Therapist Approved Teethers For Multiple Developmental Levels

Teething can be rough! And, many parents have been left wondering what to do for their babies with painful, swollen gums after many frequently used teething gels (e.g. Orajel) have recently been pulled off store shelves following the US Federal Drug Administration’s warning about the drug in teething medications (i.e. benzocaine)

I have been a pediatric physical therapist for the past 18 years and the mother of three for the past 13 years. Hence,I’ve seen a lot of drool, sore gums and teethers. Maybe you read my other blog about why teethers are very important for infant development beyond just teething.

Here’s a follow-up with a few specific teether recommendations that will hopefully keep your baby joyfully chomp chomping!

General tips for teethers

  • Toys/teethers should not fit inside a toilet roll as this is a choking hazard.

    Do not give a child under three years old any toys or teethers that can fit inside of toilet roll. This is a choking hazard. If you have older children in the house, teach them this rule and let them help you as the “Toilet Roll Police.” This may also motivate big siblings to clean up their toys before they get baby nibbled!

  • Ensure that the toys and teethers do not have objects that can break off such as eyes on a stuffed animal.
  • Watch the teethers for signs of wear and throw them out if they become damaged and a choking hazard.
  • Choose your level of comfort with product ingredients and read labels accordingly. The teethers recommended below are (at a minimum) BPA free. Most teethers that you will find in your local baby store, Target or grocery store will not be “clean” products.
  • Please note that babies need to have access to their hands in order to develop their hand to mouth skills and body awareness. Therefore, I recommend keeping their hands out of mitts and ready to learn! Any baby scratches that occur will heal very quickly.
  • Also, babies learn from putting things in their mouth because the sensory system around the mouth  -including the lips and tongue – is one of the most developed areas of a newborn’s body. So, let them gnaw away on safe objects!

Teether recommendations

I believe in meeting our children where they are and building them up from there.

Following, the toy and baby gear recommendations that I make to parents and caregivers are developmentally-based (versus exclusively age-based recommendations). Here’s what I have seen babies enjoy the best while gaining the most developmental benefits.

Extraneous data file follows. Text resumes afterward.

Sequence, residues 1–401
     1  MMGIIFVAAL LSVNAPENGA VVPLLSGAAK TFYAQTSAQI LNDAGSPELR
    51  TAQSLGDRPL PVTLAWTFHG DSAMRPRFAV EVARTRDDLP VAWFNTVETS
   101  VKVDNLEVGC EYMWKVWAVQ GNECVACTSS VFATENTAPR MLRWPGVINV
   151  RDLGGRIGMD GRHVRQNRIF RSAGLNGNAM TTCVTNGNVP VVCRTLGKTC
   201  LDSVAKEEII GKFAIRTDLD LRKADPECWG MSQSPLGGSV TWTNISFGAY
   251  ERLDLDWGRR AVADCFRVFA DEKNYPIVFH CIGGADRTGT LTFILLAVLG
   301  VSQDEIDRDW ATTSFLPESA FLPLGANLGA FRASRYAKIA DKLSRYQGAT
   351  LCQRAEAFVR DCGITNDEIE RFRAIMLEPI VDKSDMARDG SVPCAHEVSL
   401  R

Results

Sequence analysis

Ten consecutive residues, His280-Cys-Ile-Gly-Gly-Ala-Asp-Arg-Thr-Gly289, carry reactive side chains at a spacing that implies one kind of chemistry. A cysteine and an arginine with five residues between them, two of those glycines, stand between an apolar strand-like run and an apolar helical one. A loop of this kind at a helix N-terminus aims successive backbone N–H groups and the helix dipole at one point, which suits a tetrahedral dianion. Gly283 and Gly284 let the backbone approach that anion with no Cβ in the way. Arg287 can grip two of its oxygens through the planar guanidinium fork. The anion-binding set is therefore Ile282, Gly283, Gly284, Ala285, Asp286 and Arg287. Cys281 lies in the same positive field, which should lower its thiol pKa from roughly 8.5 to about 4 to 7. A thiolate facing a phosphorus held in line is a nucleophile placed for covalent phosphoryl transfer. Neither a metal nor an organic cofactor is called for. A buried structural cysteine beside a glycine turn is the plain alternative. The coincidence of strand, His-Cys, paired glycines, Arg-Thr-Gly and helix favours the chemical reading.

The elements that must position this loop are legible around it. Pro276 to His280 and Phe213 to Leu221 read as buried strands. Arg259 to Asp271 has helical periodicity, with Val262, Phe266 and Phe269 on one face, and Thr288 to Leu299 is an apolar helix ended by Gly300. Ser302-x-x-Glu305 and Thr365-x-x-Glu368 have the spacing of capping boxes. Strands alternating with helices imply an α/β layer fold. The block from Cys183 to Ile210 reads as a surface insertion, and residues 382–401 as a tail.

STAGE 1: Teethers for babies who can reflexively hold an object placed in their hand (typically developing babies age 2+ months old):

At this stage, babies will not have full awareness of their hands. They will lack purposeful movement and control towards an object and will hold onto objects placed into their hands due to a grasp reflex. However, they will one day bring that object to mouth, and we therefore need to choose their teethers appropriately.

  • Small, light, circular-shaped teethers are easier for babies to handle and encourage them to bring both hands together at midline.
  • The teether should be able to fit in the baby’s fisted hand with ease. Look for teethers that are about as thick as your pinky finger.
  • Babies typically have more interest in a firmer teether.
  • My favorite teether for this developmental stage is the Chewy Q. I encourage babies to chew on it during tummy time, too. Another similar teether (although softer, larger and with added texture) is Life Factory’s Multi-Sensory Silicone Teething Ring, which was designed by a pediatric feeding specialist.
The Chewy Q is loved by babies from two months and beyond!
Life Factory Silicone Ring & Chewy P











STAGE 2: Teethers for babies who can grab an object with their hands and bring it to their mouth to explore (typically developing babies 4+ months old):

By four months old you may notice your baby staring at his or her hands. The baby is learning that he or she actually has hands, which is the first step to using them. Soon babies begin swatting at toys and eventually figure out how to open their hands, grab an object and bring it to their mouths. Here are my recommendations for the next stage of teethers:

From left to right: Zoli BUNNY, Beckman Tri-chew, Chewy Tube, Ark Grabber
Babies love Sophie!